July 18, 2017
compel (verb)
\kum-PEL\ Hear it!
What does it mean?
1 : to cause to do something by the use of physical, moral, or mental pressure : force2 : exact, extort
How do you use it?
"How came these two men -- if there were two men -- into an empty house? What has become of the cabman who drove them? How could one man compel another to take poison?" (Arthur Conan Doyle, _A Study in Scarlet_)
Are you a word wiz?

"Compel" has the Latin word "pellere," meaning "to drive," as its root. Which words below do you think also derive from "pellere"?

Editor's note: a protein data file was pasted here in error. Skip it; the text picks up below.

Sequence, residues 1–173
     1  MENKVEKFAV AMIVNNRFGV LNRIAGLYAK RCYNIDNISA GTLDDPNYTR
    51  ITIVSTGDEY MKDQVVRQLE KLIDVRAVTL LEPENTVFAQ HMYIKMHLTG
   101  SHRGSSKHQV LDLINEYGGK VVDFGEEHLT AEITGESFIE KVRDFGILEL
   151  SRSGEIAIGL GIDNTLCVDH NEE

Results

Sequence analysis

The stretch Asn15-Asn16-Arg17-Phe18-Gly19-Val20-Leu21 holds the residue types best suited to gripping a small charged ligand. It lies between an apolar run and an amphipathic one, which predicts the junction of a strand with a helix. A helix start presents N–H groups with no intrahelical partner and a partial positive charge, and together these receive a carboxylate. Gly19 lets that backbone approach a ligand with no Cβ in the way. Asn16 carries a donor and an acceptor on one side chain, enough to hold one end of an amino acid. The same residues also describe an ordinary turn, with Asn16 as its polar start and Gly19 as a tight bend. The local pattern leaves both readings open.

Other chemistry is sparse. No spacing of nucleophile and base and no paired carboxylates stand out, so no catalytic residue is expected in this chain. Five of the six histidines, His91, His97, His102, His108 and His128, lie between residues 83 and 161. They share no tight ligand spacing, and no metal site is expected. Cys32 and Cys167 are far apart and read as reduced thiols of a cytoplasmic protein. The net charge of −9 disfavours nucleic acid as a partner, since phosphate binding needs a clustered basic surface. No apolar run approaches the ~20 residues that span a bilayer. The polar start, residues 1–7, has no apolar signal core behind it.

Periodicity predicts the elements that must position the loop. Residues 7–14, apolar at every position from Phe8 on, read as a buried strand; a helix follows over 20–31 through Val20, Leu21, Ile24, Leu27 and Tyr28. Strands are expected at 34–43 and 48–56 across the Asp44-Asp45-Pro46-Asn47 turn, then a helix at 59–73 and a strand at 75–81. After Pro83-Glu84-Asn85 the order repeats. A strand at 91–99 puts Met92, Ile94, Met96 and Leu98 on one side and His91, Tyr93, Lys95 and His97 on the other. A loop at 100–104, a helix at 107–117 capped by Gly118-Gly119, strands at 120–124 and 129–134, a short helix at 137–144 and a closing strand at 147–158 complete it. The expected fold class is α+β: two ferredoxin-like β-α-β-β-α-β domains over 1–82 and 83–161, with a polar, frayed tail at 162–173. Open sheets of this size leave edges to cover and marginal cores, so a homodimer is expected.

We hope that you were compelled to choose answer D. "Compel," "appeal," and "pulse" all come from the Latin root "pellere." "Compel" comes from the Latin verb "compellere," meaning literally "to drive or urge with," while the verb "appeal" comes from the Latin word "appellere," meaning literally "to drive to." "Appellare" passed through French to become the English word "appeal," which originally meant "to accuse." The noun "pulse," which refers to a regular beat (like a heartbeat), comes from "pulsus," the noun form of "pellere." All three of these descendants of "pellare" first appeared in English during the 14th century.
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